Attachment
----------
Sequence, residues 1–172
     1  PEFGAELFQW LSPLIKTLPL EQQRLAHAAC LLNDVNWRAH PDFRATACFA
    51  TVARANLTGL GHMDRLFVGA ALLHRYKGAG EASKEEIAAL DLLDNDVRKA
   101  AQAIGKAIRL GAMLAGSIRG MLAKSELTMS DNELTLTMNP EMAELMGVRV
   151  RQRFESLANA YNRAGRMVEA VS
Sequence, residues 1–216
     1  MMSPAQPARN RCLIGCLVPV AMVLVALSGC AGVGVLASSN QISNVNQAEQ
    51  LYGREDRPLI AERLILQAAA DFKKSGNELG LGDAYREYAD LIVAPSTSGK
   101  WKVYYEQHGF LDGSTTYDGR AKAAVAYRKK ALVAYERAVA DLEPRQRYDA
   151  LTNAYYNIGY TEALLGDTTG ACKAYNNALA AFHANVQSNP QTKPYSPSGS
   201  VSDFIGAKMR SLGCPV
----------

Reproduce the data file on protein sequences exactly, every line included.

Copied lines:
Sequence, residues 1–172
     1  PEFGAELFQW LSPLIKTLPL EQQRLAHAAC LLNDVNWRAH PDFRATACFA
    51  TVARANLTGL GHMDRLFVGA ALLHRYKGAG EASKEEIAAL DLLDNDVRKA
   101  AQAIGKAIRL GAMLAGSIRG MLAKSELTMS DNELTLTMNP EMAELMGVRV
   151  RQRFESLANA YNRAGRMVEA VS
Sequence, residues 1–216
     1  MMSPAQPARN RCLIGCLVPV AMVLVALSGC AGVGVLASSN QISNVNQAEQ
    51  LYGREDRPLI AERLILQAAA DFKKSGNELG LGDAYREYAD LIVAPSTSGK
   101  WKVYYEQHGF LDGSTTYDGR AKAAVAYRKK ALVAYERAVA DLEPRQRYDA
   151  LTNAYYNIGY TEALLGDTTG ACKAYNNALA AFHANVQSNP QTKPYSPSGS
   201  VSDFIGAKMR SLGCPV